Android Question POS printer: USB or BT?

udg

Expert
Licensed User
Hi all,
admittedly the subject is a bit deceiving. I'm not asking advice on which kind of printer to buy (unfortunately the customer already did it); rather, I'd like to hear from you whether an interface is preferable over the other (given both are available).
The context is easy. I had a B4J/Windows-only project working ok with an Epson TM-T20II printer. Then a customer asked for an Android version of it.
First step: convert existing code to B4xPages . Easier then expected. It took me less than one day
Second step: Adapt some UI elements from the 1024*768 fixed screen size to an old 10" Android tablet. Boring, but completed in an half day.

At that point the customer called, happily announcing to have just bought new tablets and printers ( so I had no chance of consulting..sigh ).
It seems (yes, at this moment I'm not 100% sure yet) that the tablet is a Vastking SA 10 while the printer should be a Starmicronics' mCP21LB

Now, looking at the specs, it seems that the tablet sports an USB-C connector that can work as an USB Virtual port and that the printer has its own USB (type B) port.
Both have BT 5.0 available too.

So (finally), what's my question? Here it is: Should I go the unknown "vitual usb port" path or switch to BT pairing?
If I read correctly the printer specs, that model doesn't use the ESC/EPSON mode so there's not so much I can re-use from the original TM-T20II module (which used javafx's "printBytes"/"printString" to send out data to the printer). Anyway, if using the USB interface is simply a matter of discover the virtual port name, then send out bytes according to the proper datasheet, it sounds easier and less error prone than BT. Am I right? What is your experience?
Thank you
 

agraham

Expert
Licensed User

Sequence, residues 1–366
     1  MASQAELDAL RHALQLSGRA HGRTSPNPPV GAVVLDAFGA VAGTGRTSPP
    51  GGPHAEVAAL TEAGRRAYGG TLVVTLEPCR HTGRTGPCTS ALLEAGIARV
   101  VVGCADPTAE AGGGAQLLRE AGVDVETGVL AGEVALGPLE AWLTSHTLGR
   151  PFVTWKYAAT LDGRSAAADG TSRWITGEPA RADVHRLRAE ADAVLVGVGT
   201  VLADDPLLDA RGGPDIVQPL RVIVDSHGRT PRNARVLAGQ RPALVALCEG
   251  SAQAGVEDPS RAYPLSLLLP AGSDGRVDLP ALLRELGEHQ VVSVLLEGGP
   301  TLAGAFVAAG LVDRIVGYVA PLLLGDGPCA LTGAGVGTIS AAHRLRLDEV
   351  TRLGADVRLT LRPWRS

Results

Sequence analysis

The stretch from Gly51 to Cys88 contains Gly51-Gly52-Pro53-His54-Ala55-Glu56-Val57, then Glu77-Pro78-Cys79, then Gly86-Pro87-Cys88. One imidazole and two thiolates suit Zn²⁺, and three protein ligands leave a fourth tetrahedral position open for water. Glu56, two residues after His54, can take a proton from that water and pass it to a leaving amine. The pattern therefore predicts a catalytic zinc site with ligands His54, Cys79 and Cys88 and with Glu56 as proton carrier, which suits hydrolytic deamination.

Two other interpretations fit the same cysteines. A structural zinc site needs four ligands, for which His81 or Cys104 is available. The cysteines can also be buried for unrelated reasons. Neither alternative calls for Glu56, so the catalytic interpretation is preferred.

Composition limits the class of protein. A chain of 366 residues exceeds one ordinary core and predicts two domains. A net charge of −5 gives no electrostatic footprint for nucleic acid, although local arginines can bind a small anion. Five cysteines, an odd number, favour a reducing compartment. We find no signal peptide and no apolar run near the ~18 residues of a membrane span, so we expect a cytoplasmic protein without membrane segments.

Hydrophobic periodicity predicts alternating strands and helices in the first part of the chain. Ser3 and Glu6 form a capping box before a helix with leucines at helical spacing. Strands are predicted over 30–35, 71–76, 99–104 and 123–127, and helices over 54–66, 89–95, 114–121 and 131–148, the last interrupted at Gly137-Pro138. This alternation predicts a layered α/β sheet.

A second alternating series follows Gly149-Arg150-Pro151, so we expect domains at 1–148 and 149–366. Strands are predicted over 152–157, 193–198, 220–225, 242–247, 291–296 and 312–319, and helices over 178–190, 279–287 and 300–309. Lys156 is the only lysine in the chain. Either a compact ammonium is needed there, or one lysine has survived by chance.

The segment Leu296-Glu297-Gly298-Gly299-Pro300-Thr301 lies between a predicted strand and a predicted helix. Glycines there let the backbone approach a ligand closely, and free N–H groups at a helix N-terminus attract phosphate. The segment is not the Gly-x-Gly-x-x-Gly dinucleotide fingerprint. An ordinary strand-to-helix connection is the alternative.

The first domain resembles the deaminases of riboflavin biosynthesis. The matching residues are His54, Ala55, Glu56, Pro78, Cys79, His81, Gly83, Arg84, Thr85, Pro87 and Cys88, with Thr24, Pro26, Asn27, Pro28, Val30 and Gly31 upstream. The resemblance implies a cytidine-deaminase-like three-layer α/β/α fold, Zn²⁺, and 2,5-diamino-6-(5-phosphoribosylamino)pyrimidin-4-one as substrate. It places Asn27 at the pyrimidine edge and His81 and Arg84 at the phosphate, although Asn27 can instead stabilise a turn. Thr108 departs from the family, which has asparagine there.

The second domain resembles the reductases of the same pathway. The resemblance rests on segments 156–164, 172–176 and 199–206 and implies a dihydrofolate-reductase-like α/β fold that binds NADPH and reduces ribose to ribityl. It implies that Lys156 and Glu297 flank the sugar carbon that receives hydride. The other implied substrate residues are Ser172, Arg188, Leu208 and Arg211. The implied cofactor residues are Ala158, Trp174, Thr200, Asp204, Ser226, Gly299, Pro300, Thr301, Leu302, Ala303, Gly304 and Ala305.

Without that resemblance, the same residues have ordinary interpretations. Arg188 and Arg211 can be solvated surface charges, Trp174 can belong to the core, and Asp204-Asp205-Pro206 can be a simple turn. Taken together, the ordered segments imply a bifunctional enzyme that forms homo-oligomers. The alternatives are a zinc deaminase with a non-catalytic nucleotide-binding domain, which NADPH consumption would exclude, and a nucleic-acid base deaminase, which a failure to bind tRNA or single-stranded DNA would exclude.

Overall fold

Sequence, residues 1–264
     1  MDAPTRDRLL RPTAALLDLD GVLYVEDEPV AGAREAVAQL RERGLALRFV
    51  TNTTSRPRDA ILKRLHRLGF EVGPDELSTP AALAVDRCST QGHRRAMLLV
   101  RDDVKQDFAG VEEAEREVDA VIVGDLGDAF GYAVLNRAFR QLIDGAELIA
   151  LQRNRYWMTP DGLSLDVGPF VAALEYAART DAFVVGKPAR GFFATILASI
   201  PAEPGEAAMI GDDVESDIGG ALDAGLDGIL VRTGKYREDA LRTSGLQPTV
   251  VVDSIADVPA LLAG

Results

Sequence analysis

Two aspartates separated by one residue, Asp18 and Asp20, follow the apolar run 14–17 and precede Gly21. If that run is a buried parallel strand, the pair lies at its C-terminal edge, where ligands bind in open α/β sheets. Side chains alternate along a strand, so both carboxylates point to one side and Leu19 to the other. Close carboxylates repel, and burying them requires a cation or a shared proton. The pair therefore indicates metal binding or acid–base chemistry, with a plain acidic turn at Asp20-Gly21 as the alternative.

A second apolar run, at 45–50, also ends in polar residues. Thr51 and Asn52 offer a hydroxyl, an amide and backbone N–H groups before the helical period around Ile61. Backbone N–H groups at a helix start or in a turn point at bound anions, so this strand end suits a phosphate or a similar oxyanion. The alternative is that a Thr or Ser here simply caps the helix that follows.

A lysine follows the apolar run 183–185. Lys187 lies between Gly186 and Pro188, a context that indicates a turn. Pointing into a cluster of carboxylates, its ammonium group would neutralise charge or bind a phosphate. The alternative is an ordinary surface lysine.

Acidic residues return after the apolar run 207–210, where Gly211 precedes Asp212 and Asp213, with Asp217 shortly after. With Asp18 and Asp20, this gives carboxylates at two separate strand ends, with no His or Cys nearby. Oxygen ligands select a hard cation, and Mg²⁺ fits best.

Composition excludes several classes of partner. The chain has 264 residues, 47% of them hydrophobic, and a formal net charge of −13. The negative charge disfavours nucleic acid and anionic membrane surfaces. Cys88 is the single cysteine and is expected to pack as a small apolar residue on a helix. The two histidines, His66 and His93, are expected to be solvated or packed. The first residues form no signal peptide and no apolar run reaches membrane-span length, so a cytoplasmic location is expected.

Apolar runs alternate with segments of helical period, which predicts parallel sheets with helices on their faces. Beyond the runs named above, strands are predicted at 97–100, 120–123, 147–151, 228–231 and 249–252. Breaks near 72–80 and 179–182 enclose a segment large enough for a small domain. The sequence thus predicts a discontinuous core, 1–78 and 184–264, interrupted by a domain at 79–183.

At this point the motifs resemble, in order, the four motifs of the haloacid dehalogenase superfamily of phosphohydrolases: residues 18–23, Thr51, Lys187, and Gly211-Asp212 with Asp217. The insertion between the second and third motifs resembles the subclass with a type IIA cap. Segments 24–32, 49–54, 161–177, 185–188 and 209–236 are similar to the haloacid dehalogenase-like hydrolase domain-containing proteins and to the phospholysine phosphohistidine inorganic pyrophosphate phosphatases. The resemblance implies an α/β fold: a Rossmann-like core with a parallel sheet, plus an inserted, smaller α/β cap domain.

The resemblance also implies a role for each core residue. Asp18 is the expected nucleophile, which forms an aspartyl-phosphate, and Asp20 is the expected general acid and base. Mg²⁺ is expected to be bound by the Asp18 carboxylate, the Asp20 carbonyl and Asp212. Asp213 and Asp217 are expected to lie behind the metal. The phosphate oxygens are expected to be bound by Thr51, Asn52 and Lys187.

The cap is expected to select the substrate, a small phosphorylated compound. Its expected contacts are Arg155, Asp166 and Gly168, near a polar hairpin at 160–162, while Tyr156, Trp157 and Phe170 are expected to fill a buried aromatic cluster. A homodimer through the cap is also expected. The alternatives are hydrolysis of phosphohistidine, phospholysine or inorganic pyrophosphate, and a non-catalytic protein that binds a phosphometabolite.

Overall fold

If I could I would try both and then choose depending upon the experience and the environment (and type of user) of the intended application. BT is physically more convenient as the devices don't have to be tethered by a cable, but it does mean you might get possible pairing/operational problems with dimbo users.

Programming BT might be a bit simpler as it is just Serial library, AsyncStreams and go. You can pick up all the initialisation from my
Bluetooth ESC/POS Printer Class | B4X Programming Forum
Strip all the ESC/POS stuff and replace it with your own as in the end sending stuff to the printer comes down to

B4X:
' Send the contents of an array of bytes to the printer
' Remember that if the printer is expecting text the bytes will be printed as characters in the current code page
Public Sub WriteBytes(data() As Byte)
    If Connected Then
        Astream.Write(data)
    End If
End Sub

USB might take a bit more work. For my own use I would go BT as you can then charge on the go with possibly other benefits from leaving the USB port clear.
 
Last edited:
Upvote 0

aeric

Expert
Licensed User
Good sharing. I also have an old parallel port Epson thermal receipt printer working on Linux and exploring to use a Bluetooth thermal printer. I ordered one and waiting shipment from China.